Jewish World Review July 2, 2002 / 22 Tamuz , 5762
http://www.NewsAndOpinion.com | In a decision on Thursday, the Supreme Court spoke directly to children who are interested in experimenting with drugs. The message is clear and simple: focus all of your attention on drugs or face expulsion. This curious message is the product of a 5-4 ruling in Board of Education v. Earls, in which the Court upheld the right of high schools to compel suspicionless drug testing of any student interested in extracurricular activities. The decision by Associate Justice Clarence Thomas ensures that every child currently experimenting with drugs must now choose between making drugs their exclusive interest or going drug free with the chess club.
While the Court once insisted that children "do not shed their constitutional rights . . . at the schoolhouse gate," the relative rights of children are vastly different within the school. Past cases largely focused on lockers searches and speech restrictions. However, in the 1995 Vernonia case, the Court extended its school rulings to physical searches and allowed suspicionless drug testing of student athletes. This ruling was based in part on the obvious physical danger of students playing sports while on drugs. The image of some coked up student diving the wrong way off a high board was enough for the Court. Moreover, the Court stressed that the Vernonia school was facing an "epidemic" of drugs and athletes were the natural leaders of the "drug culture."
For the officials at the Pottawatomie school district in Tecumseh, Oklahoma, this was not nearly broad enough. The school decided to test any and all students engaged in extracurricular activities ranging from yearbook staff to the academic team.
Of course, it is hard to imagine the danger of a high student in such non-athletic activities. While the chess coach may be highly suspicious why Junior used the Queen's Gambit as an opening move, the opposing player is probably safe from the immediate harm.
Moreover, where the Vernonia school documented a student population in "a state of rebellion . . . fueled by alcohol and drug abuse," Tecumseh high school filed annual reports that drug use was not a problem at the school. School officials testified that only three high-school students out of a class of 243 tested positive for drugs in a two-year period. Notably, all three played sports.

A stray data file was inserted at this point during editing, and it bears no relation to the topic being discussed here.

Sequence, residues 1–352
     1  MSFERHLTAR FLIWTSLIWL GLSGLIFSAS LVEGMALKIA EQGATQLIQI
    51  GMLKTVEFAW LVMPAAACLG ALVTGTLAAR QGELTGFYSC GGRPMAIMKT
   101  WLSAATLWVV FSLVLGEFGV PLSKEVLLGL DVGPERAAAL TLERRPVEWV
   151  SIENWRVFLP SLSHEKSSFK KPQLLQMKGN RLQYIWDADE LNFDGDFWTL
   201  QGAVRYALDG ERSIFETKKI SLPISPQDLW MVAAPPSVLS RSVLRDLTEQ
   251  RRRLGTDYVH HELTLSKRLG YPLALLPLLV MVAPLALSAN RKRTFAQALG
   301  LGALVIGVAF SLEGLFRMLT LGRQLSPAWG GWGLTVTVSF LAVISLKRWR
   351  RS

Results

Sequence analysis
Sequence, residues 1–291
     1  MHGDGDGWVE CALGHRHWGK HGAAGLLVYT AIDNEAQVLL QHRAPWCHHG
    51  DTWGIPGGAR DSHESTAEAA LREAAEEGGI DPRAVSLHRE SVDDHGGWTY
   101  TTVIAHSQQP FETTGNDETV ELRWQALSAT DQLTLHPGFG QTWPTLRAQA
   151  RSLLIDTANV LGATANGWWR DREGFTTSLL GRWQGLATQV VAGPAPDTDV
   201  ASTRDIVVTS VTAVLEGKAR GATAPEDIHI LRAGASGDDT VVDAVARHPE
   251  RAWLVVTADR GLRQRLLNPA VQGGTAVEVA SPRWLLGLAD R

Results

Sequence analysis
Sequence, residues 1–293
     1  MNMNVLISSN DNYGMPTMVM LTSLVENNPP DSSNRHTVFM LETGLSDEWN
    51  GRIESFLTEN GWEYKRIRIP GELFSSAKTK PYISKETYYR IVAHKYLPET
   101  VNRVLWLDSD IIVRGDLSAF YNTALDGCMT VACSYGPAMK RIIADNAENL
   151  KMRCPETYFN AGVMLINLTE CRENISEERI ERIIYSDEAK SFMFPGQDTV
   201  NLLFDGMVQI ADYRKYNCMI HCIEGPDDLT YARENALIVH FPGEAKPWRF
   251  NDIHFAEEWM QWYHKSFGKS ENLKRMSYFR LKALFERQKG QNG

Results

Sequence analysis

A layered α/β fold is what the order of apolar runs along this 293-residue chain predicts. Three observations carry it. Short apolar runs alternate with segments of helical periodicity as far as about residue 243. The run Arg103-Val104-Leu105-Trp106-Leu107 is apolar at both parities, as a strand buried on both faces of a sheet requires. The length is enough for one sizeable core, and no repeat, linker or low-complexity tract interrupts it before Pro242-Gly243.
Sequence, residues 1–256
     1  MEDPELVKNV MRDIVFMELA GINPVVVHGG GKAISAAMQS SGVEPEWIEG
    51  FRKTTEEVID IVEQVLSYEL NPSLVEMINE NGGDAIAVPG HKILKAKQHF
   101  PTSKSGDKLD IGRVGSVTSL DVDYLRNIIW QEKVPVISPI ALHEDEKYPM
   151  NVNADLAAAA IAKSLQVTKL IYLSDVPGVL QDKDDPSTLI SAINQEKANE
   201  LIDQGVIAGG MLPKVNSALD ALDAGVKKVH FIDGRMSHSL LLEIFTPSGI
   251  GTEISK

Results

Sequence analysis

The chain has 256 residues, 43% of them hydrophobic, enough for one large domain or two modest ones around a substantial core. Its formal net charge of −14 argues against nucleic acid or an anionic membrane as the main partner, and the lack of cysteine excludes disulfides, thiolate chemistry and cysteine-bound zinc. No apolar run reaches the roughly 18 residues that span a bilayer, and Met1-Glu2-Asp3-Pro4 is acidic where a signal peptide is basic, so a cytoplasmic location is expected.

Justice Thomas, however, removed these factors as prerequisites for suspicionless testing for high schools across the country. While the Court repeated its privacy concern over "an excretory function," it found drug testing to be unintrusive at the school. The Court noted that a teacher can require all students to reveal what prescriptions they are taking and then stand outside of a stall to "listen for the normal sounds of urination" - each student is expected to make such normal sounds to the satisfaction of the teacher. Abnormally sounding students apparently face repeated testing until either teacher satisfaction or physical dehydration brings the testing to an end.
In her concurrence, Justice Sandra Day O'Connor noted that this new ruling was not so bad since students can simply decline to participate in any extracurricular activities. It is the dream of every high-school deadhead: just say no to extracurricular activities. After all, extracurricular activities were often used as the very means to lure students away from the drug culture. The decision will now free up time for an exclusive commitment to the drug culture and build peer identification with those pledging to live "activity-free."
Notwithstanding O'Connor's assurance, the decision seems to invite the next step for those school officials longing for total Ashcroft-era powers: require students to take at least one extracurricular activity. Students would then be subject to expulsion not for refusing drug tests but for failing to comply with the activity requirement.
It is often said that we learn to be citizens in high school. With decisions like Earls, it is not hard to imagine the lessons of citizenship being taught to our children. If our schools become a learning ground for personal submission and collective monitoring, our children will replicate these lessons as citizens. The increasing levels of surveillance and monitoring in our lives have already created a type of fish-bowl society that would have been unthinkable a generation ago. As the "expectations of privacy" decline further with this new generation, we may find that the exceptions allowed for our schools today become the rule for our society tomorrow.
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